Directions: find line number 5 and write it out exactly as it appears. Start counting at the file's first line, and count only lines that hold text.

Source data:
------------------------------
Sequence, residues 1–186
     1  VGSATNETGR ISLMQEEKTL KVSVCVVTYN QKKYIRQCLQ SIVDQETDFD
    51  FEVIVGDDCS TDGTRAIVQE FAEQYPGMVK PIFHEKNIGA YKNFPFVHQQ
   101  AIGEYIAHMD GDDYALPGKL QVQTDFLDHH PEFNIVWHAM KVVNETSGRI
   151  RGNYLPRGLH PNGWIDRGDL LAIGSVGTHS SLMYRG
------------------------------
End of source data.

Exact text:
   151  RGNYLPRGLH PNGWIDRGDL LAIGSVGTHS SLMYRG